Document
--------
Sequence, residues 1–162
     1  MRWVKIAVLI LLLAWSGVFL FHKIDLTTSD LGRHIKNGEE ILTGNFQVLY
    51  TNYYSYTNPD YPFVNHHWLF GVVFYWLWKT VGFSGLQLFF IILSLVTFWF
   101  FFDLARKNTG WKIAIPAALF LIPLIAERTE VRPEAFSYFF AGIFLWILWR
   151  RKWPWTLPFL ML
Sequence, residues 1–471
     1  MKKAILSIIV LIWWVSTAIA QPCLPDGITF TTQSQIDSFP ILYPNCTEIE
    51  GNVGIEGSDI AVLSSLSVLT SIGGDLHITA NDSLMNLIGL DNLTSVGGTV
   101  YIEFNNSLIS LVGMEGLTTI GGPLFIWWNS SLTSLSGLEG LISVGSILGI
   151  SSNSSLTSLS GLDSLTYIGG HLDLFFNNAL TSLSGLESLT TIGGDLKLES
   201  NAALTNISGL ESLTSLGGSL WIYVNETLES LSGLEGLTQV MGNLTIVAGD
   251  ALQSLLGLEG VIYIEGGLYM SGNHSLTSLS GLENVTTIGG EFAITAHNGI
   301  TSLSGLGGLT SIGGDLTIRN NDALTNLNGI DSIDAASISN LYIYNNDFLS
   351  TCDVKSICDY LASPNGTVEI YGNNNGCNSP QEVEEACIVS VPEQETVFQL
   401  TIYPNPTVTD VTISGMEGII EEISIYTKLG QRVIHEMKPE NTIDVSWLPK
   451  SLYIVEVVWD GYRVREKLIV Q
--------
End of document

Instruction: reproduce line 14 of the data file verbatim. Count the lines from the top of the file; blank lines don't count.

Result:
   351  TCDVKSICDY LASPNGTVEI YGNNNGCNSP QEVEEACIVS VPEQETVFQL